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Comment: Re:Class issue here. (Score 1) 270

by chihowa (#47445919) Attached to: Predicting a Future Free of Dollar Bills

You're claiming that ten percent of the US citizens (~32 million people) don't have Social Security numbers assigned or ID of any kind? That's hard to believe, which is why the parent suggested that you were talking about illegal aliens. Nearly 85% of the US population lives within a largish metropolitan area [], which would mean that half-to-most rural people would have to lack a SSN for your claim to be true.

That's very unlikely.

Comment: Re:So SSL is nothing more than an honor system? (Score 1) 107

by chihowa (#47426317) Attached to: India's National Informatics Centre Forged Google SSL Certificates

That's a cop-out, though. Yes, there is always an element of trust in whatever you do. That's unavoidable, though it's smart to minimize the amount of trust you must put in others. Taken to the extreme it's ludicrous, as you've pointed out. But, that doesn't mean that there's no merit in limiting the amount of trust you put in third parties. Just because you can't completely trust your OS or compiler, doesn't mean that you should throw the entire concept of limiting trust out the window. It's dishonest to suggest that the risk is the same between trusting (your compiler), (your compiler + your OS), and (your compiler + your OS + the CA system).

The CA system is truly an honor system by design. It requires you to put your complete trust in a large, and growing, list of opaque and unfamiliar third parties and the decision to trust them is made by others though an opaque and unaccountable process. It's putatively a "security system", but is insecure by design. It depends entirely on unaccountable, secretive, and self-selected "authorities" to determine who should trust who.

Look at your OS's list of trusted CAs sometime. Any of these organizations, or anyone delegated by any single one of them, are implicitly trusted by your system. Completely trusting Microsoft, Apple, or various Linux devs is naive, but completely trusting everyone in the root CA list is absolutely insane!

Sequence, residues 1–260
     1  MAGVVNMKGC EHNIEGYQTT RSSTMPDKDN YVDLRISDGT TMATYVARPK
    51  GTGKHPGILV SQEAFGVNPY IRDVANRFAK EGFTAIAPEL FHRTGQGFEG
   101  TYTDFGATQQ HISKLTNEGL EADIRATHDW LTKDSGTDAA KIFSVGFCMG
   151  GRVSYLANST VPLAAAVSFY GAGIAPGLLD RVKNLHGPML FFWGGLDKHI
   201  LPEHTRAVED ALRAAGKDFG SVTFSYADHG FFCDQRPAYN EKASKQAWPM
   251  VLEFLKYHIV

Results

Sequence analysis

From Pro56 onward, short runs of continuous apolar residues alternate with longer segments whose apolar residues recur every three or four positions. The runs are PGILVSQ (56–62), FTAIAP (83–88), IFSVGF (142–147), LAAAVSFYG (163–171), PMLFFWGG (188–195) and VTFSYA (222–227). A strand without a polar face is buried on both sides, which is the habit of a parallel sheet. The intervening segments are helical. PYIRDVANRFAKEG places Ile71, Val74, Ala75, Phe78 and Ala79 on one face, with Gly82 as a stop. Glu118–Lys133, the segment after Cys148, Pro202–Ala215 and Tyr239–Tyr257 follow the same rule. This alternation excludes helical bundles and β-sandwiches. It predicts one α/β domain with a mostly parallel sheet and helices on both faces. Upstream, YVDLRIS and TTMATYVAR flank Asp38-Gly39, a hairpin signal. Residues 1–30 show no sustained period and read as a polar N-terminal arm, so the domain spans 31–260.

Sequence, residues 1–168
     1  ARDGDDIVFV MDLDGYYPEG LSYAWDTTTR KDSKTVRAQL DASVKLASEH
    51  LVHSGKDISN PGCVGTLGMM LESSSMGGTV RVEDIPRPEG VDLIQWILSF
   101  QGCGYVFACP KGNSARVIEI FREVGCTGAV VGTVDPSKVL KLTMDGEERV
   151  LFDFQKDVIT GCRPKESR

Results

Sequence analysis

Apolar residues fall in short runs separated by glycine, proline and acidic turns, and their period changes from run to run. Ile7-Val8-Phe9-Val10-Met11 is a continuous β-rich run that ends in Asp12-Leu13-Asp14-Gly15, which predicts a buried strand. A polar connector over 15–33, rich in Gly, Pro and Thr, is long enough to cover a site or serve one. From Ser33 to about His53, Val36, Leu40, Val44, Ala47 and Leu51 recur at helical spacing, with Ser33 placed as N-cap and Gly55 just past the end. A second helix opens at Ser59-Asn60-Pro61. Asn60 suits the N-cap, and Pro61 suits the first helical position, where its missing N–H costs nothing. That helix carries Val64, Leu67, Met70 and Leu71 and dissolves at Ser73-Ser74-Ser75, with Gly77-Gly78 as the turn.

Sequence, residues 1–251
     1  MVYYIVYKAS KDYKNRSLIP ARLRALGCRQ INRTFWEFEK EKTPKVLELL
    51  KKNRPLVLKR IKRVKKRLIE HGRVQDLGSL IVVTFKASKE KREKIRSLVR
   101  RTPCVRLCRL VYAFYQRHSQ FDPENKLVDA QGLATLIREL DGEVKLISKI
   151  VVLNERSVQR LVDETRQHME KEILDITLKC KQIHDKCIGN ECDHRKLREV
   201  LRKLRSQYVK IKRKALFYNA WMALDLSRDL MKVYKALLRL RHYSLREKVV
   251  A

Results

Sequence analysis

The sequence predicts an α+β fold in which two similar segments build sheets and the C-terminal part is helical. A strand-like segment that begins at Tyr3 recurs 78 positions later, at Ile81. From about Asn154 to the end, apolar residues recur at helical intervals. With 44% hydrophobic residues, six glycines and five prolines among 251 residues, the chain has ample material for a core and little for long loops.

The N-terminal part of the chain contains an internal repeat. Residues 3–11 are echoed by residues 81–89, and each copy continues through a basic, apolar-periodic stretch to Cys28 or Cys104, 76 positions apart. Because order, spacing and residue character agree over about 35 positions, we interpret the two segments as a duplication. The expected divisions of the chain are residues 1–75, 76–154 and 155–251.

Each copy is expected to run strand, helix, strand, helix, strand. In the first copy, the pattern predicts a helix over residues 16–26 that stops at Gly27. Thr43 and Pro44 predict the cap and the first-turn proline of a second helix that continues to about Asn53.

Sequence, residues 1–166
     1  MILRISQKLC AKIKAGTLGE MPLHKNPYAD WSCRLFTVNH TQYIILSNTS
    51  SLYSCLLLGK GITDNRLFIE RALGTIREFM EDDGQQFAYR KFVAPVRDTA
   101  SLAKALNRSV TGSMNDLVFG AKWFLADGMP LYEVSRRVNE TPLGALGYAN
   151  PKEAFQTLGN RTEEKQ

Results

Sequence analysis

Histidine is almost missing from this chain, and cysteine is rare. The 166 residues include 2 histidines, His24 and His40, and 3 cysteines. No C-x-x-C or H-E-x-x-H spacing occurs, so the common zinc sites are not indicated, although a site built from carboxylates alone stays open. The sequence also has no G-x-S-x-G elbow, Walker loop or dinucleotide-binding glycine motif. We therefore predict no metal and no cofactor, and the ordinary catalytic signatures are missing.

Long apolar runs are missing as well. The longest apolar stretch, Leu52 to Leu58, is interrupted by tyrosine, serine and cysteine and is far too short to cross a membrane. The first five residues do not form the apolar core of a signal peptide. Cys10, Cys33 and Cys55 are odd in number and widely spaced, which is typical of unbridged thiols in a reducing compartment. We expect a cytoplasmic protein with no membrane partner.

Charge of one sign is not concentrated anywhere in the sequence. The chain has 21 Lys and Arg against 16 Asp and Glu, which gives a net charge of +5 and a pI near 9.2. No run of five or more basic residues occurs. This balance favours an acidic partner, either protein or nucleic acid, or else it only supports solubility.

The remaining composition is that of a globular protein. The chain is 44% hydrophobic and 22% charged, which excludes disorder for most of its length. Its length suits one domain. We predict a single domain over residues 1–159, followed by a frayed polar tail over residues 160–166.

Comment: Re:UK is not a free country (Score 3, Insightful) 146

by chihowa (#47424589) Attached to: UK Gov't Plans To Push "Emergency" Surveillance Laws

OK, to clarify... disappearances and purges are bad news, but it's not as if these historical dictatorships were all fine and dandy up until the point where people started disappearing. Holding off judgement until something is allowed to fully develop into its inevitable final product is dangerous and naive.

Comment: Re:UK is not a free country (Score 1) 146

by chihowa (#47424511) Attached to: UK Gov't Plans To Push "Emergency" Surveillance Laws

So people disappearing is the line at which you think a government is atrocious? There was more wrong with the dictatorships of the past than just purges. Would a dystopia where everyone is kept locked up in cages, but nobody is missing, not compare to a real fascist dictatorship? This argument people like you keep parroting is like the No True Scotsman argument of bad government.

Comment: Re:Magical Pixie Horse (Score 1) 349

by chihowa (#47409589) Attached to: Here Comes the Panopticon: Insurance Companies

But everyone wants to pay the rates of the healthiest, safest, best maintained because if you have to pay more than that you must be getting ripped off.

Because you are getting ripped off (at both ends of the risk pool). Insurance is about pooling risk so that the cost of unlikely events are spread among more people. If statistical analysis allows insurance companies to segregate and condense those pools by risk, then eventually all of the individuals (high and low risk) end up paying what they'd normally pay if they didn't have insurance plus the profit that the insurance company is collecting. Insurance companies are profitable because the risks of the insured are increasingly well known, but withheld from the insured.